Thursday, April 2, 2015

3D Mapping

This week in, GIS3015, Cartographic Skills, we worked on 3D Mapping; the Pros and Cons. The lecture objectives were as follows:  

- Describe 3D data types and associated applications
- Recall different types of 3D Maps
- Describe the challenges and advantages of 3D Mapping
- Recall how to manipulate 3D data in ArcScene

And, for the Lab:

- List and Describe data necessary for 3D GIS
- Perform techniques to visualize raster data in 3D
- Perform techniques to visualize feature data in 3D
- Convert 2D feature to 3D using elevation values derived from lidar data
- Demonstrate proficiency with 3D Analyst Extension and ArcScene
- Export data to kmz and view in Google Earth
- Describe applications of 3D data
- Compare and contrast a complex flow map in 2 vs 3D

So, where to begin??? 

There were a number of tools and reference material that we covered including the below:

Using Google Earth was fun and quite practical, as anyone with a computer and internet access can use this 3D tool. The other tools were equally useful and fairly straight forward to understand.  The tool to convert a layer to a KML (KMZ) file was also quite useful. I created the file: Ex2BostonBldgsKML. 

The best part of creating this file was watching the globe spin, very slowly, and eventually zoom to the location I had created; I wasn't sure my computer would survive.

Another tool I learned how to use was the, Extrude capability in ArcScene. Below is a snip of the file I worked with. 

All of this was brilliant, but the most important aspect of 3D Mapping I learned was in regards to, vertical exaggeration, illumination, and background color.  Above I discussed vertical exaggeration, so here I want to spend a brief time on illumination.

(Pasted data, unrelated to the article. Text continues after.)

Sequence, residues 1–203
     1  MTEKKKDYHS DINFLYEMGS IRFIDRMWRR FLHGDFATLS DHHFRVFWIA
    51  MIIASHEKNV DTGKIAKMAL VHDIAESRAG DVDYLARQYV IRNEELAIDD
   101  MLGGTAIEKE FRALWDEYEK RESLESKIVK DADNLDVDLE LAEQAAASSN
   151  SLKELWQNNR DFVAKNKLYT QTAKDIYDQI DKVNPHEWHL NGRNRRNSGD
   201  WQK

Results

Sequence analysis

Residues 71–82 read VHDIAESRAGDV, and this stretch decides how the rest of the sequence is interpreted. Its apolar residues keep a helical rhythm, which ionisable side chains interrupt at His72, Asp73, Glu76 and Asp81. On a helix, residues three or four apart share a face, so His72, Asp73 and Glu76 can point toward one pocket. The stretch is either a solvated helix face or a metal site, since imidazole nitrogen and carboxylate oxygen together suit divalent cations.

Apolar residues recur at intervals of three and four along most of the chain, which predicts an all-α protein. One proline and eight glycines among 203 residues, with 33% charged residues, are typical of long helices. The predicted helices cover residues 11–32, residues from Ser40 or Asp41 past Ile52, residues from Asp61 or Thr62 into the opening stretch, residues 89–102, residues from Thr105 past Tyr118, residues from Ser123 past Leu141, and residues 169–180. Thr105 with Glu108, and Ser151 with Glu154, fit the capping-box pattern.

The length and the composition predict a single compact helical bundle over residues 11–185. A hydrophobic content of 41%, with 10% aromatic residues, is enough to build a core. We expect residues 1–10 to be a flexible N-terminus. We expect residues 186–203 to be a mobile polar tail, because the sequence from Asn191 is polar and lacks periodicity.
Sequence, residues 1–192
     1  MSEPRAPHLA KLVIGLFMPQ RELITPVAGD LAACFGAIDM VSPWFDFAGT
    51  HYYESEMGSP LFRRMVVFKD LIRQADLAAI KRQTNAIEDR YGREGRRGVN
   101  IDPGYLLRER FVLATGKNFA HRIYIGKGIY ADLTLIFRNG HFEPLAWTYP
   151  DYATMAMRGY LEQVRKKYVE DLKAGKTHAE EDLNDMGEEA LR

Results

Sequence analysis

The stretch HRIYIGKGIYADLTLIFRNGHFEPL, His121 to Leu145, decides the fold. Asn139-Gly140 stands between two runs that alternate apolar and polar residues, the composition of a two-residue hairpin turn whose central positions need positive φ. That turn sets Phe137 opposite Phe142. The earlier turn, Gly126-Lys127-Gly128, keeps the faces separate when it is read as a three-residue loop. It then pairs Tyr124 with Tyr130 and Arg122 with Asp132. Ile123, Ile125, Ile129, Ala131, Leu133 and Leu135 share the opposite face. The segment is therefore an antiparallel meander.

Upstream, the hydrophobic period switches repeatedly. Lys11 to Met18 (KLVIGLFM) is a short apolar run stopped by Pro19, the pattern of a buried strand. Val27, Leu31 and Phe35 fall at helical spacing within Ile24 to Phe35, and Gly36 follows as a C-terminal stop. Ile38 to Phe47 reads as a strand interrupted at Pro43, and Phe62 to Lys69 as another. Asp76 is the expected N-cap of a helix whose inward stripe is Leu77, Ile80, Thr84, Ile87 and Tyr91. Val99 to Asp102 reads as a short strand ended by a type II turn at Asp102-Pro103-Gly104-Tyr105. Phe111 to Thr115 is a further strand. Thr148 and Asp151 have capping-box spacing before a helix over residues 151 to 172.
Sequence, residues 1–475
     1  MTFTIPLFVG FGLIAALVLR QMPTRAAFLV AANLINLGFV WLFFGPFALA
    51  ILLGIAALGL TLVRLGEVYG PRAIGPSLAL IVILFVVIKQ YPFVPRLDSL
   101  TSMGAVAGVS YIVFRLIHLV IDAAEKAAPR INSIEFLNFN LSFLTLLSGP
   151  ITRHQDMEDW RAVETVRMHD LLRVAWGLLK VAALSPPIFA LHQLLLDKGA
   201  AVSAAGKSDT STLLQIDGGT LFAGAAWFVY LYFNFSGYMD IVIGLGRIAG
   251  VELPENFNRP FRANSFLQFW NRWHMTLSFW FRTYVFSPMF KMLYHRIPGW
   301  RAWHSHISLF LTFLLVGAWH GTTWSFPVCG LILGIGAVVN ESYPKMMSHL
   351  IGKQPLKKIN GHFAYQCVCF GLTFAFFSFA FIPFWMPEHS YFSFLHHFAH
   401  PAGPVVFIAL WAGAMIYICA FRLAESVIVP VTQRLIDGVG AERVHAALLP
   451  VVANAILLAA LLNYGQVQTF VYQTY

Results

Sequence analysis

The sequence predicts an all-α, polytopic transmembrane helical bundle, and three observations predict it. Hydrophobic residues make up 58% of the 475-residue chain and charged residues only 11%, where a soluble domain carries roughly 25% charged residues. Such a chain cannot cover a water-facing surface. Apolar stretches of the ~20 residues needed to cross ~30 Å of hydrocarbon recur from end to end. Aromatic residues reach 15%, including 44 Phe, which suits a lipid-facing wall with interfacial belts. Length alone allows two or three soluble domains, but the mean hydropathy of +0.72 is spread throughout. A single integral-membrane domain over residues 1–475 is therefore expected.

The default Sun elevation is set to 30 degrees above the horizon with the default compass direction of 315 degrees which puts the Sun in the Northwest. To minimize the shadows on my map I could place the Sun at an elevation of 90 degrees along a West to East line (270 degrees to 90 degrees). This would place the Sun directly overhead. In the image below, I moved the sun around Santa Barbara Island and could see how the shadows changed around the cliffs and over the land rolling to the water's edge.

At the end of the day, we must decide whether or not to use 3D feature techniques in our work. There are clear advantages to using 3D layers: 3D layers make it possible to answer questions one cannot address with a 2D map. For instance, you can address questions such as: On what floor of a high-rise condominium is it best for rescue/first responders to ingress? What vantage point should a sniper take in order to defeat a would-be threat in a large urban area where buildings, trees and other objects might obscure a clean shot? What is the best route to take to remain in the shadows given a certain urban design and time of day? There are countless military and civilian applications well suited for a 3D building layer.

On the negative side or Cons to using 3D layers: You must have a computer to view the 3D effects. If you want something that is easily transported, a paper map is better. There is also a possibility that a user may not fully comprehend what the cartographer is trying to represent in a 3D map and this might cause more confusion instead providing clarity.

However, I believe the Pros far outweigh the Cons when it comes to making a decision to use 3D mapping techniques.  Of course, we should only use these 3D techniques where and when they are appropriate; to enhance your map or emphasize a particular message.

No comments:

Post a Comment